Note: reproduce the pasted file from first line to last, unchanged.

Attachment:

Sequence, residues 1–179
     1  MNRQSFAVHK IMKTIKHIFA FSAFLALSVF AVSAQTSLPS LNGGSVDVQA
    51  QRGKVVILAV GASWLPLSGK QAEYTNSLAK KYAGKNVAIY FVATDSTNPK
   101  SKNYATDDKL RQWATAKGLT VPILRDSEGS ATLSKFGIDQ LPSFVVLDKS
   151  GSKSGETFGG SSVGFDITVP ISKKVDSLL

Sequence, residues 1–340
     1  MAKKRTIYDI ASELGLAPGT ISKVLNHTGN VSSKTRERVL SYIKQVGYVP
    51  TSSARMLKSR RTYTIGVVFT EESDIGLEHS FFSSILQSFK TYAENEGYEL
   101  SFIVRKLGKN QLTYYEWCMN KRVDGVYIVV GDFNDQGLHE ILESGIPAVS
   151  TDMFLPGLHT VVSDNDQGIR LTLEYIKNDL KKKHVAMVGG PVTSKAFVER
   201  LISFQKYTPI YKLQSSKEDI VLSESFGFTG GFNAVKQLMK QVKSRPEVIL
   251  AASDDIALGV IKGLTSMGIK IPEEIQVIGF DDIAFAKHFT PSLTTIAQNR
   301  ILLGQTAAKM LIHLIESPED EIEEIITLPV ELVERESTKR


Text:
Sequence, residues 1–179
     1  MNRQSFAVHK IMKTIKHIFA FSAFLALSVF AVSAQTSLPS LNGGSVDVQA
    51  QRGKVVILAV GASWLPLSGK QAEYTNSLAK KYAGKNVAIY FVATDSTNPK
   101  SKNYATDDKL RQWATAKGLT VPILRDSEGS ATLSKFGIDQ LPSFVVLDKS
   151  GSKSGETFGG SSVGFDITVP ISKKVDSLL

Sequence, residues 1–340
     1  MAKKRTIYDI ASELGLAPGT ISKVLNHTGN VSSKTRERVL SYIKQVGYVP
    51  TSSARMLKSR RTYTIGVVFT EESDIGLEHS FFSSILQSFK TYAENEGYEL
   101  SFIVRKLGKN QLTYYEWCMN KRVDGVYIVV GDFNDQGLHE ILESGIPAVS
   151  TDMFLPGLHT VVSDNDQGIR LTLEYIKNDL KKKHVAMVGG PVTSKAFVER
   201  LISFQKYTPI YKLQSSKEDI VLSESFGFTG GFNAVKQLMK QVKSRPEVIL
   251  AASDDIALGV IKGLTSMGIK IPEEIQVIGF DDIAFAKHFT PSLTTIAQNR
   301  ILLGQTAAKM LIHLIESPED EIEEIITLPV ELVERESTKR